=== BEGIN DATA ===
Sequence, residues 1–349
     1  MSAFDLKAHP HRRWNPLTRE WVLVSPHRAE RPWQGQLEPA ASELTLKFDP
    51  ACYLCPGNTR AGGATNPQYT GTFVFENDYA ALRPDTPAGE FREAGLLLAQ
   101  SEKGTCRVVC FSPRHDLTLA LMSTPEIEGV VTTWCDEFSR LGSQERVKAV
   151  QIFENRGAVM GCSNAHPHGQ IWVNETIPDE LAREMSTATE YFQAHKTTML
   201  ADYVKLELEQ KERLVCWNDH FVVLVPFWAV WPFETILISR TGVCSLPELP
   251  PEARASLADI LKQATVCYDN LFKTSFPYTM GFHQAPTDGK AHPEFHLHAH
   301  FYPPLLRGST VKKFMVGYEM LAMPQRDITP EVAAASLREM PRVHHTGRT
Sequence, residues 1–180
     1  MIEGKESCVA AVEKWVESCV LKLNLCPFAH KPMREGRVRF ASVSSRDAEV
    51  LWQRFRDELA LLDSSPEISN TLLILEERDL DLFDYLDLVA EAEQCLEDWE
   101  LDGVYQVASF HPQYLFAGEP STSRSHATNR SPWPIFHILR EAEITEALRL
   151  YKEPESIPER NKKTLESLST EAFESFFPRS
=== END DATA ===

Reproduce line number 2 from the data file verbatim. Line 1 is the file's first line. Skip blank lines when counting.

     1  MSAFDLKAHP HRRWNPLTRE WVLVSPHRAE RPWQGQLEPA ASELTLKFDP